[Zach] Ninja Tune, Mo’Wax… All that stuff was super influential from a production standpoint. Even going further back, the first UK DJ’s I heard that inspired me, where the DJ’s that DJ’d for this group called HighJack. HighJack was this band out of London. Oh wait, I’m sorry, not London… Bristol. Anyway, they were out of the UK. Their DJ’s were incredibly scratch heavy, fast, amazing DJs. I’d never heard any DJs really going that hard, except some people in Miami and a couple people in Philly. When I heard that, I was wowed. They had their own sound. It sort of riffed and took everything off of Public Enemy’s kind of sound, and they made it their own. They were signed to Ice-T’s label on Rhyme Syndicate. I heard those people and was fully influenced by them. Derek B was another guy that influenced me in the UK, early guys and getting into people like the Ryan Christian’s or Kruder & Dorfmeister… Smith and Mighty… There were a whole bunch of trip-hop producers that were coming out that I’d never heard of. Nextmen are some of my favorites from the UK. I still talk to those guys. I think they’re amazing.
It’s interesting, because, after I went over to Europe for the first time for Battle of The Year, I started to exchange numbers with German rappers, Switzerland producers and all these French people; I started to realize how far the reaching of hip hop went. I’d bring back these amazing records that nobody would have in the states. I was able to have a different sound and was able to throw some of this stuff into the mix that allowed me to sort of have a bigger palette than some of the other people because I’d gone over to Japan, met all these people and got turned on to all these different kinds of music.
[CFR] Did geography affect it? Did you move to LA at some point?
[Zach] I moved to LA around 2001 from Arizona. It was great because I sort of out grew Arizona. I couldn’t really go any further. I had to get out of there just to have bigger pastures and go further. It definitely helped doing that. LA became sort of a hub where people would come in and out of LA all the time. Arizona was always sort of like… If someone was going a tour, maybe they’d stop by, but really, we were just left to our own devices. That was super beneficial for me at my earlier stages. I was just in the lab concocting weird shit because I had no outside influence. Once I went to LA, I started to actually network with all sorts of artists and it really started to help DJs as well. It made things a lot easier for me. I think now, in this day and age you can kind of be whoever and go wherever because the internet has cracked open all boundaries. At the time, back in the day, it used to be super tough. You had to actually have the network with people, or have the ability to get those records from wherever you were going to. If you were doing to Japan you’d have to dig and find the record. You had to go there and get it. EBay wasn’t really popping, so you had to go out and do the hunt and search to find these things. That’s sort of how I simulated and got my whole world together.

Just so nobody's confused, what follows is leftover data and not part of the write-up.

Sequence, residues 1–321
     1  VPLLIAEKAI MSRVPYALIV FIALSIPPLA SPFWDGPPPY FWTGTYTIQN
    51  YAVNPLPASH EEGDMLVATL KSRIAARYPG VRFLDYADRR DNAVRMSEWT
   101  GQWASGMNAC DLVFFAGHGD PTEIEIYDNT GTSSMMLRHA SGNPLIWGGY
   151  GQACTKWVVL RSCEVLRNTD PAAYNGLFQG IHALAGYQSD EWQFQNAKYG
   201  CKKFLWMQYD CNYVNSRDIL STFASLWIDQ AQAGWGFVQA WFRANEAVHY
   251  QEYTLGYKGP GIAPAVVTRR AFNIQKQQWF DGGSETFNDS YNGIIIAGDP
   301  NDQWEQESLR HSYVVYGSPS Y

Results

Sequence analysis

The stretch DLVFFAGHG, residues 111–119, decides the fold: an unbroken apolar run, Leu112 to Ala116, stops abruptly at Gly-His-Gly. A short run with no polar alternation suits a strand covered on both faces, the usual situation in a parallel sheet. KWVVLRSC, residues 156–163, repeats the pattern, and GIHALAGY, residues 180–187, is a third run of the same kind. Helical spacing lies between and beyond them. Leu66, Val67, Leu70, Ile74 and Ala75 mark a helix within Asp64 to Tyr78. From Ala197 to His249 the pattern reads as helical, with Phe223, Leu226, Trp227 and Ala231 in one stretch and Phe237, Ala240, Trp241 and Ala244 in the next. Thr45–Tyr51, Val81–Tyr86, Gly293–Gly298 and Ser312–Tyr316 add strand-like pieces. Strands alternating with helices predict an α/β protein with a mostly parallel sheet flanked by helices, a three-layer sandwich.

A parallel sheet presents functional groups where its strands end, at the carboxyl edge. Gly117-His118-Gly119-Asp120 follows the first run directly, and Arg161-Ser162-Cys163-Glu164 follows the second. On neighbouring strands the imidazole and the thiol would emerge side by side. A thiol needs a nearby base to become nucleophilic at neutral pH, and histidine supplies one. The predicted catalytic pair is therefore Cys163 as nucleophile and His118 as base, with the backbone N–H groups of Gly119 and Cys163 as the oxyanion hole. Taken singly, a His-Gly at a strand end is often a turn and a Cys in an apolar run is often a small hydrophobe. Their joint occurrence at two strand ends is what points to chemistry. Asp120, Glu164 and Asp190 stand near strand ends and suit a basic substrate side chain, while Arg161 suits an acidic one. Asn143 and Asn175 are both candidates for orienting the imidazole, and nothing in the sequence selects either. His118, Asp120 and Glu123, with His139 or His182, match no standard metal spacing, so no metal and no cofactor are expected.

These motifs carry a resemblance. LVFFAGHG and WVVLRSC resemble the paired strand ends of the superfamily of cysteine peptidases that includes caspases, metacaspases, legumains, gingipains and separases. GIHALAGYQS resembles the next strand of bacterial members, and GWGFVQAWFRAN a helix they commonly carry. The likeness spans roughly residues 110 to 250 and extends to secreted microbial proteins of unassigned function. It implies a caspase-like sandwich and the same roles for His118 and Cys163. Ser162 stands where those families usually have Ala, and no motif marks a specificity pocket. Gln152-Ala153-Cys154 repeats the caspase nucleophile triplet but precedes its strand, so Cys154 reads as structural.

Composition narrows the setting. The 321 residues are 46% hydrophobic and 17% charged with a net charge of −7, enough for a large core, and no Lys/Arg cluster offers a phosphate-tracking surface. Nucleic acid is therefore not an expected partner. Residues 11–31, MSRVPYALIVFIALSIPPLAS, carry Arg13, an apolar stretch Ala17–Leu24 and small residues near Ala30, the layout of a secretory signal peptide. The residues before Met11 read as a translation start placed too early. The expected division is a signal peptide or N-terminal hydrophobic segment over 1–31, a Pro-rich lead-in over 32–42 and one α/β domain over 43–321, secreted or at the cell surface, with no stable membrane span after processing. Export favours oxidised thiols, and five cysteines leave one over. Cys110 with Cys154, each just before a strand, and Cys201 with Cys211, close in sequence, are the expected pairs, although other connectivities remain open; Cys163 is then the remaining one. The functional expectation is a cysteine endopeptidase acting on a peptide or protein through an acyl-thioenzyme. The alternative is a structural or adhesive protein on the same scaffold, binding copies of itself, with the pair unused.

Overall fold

[CFR] What technologies are you used to using? Where do see it going? What are you using now?
[Zach] Like most people I started with turn tables and vinyl. When Serato came around, I jumped and went into digital. I was messing around with CDJ’s before Serato really had hit, so I was sort of dabbling in that. Any new technology that I can have to get my sound out there, or get some sort of expressway to the point I’m trying to make, I’m totally up for, but I still try to keep one foot firmly placed in the traditional style of DJing. Whether it be with vinyl or without, as long as I have the movement and the feel of DJing and mixing live and doing things where I may or may not fuck up… That’s important. As an artist, I think it’s important to be doing it live and doing something where there’s the ability to completely blow it. I think the crowd is aware of that and into that. At least I am. When I go and see somebody up there just hitting buttons on a pre-programmed thing, it kind of takes the wind out it. Now I’m just hearing you sort of put something together.
[CFR] There’s no risk.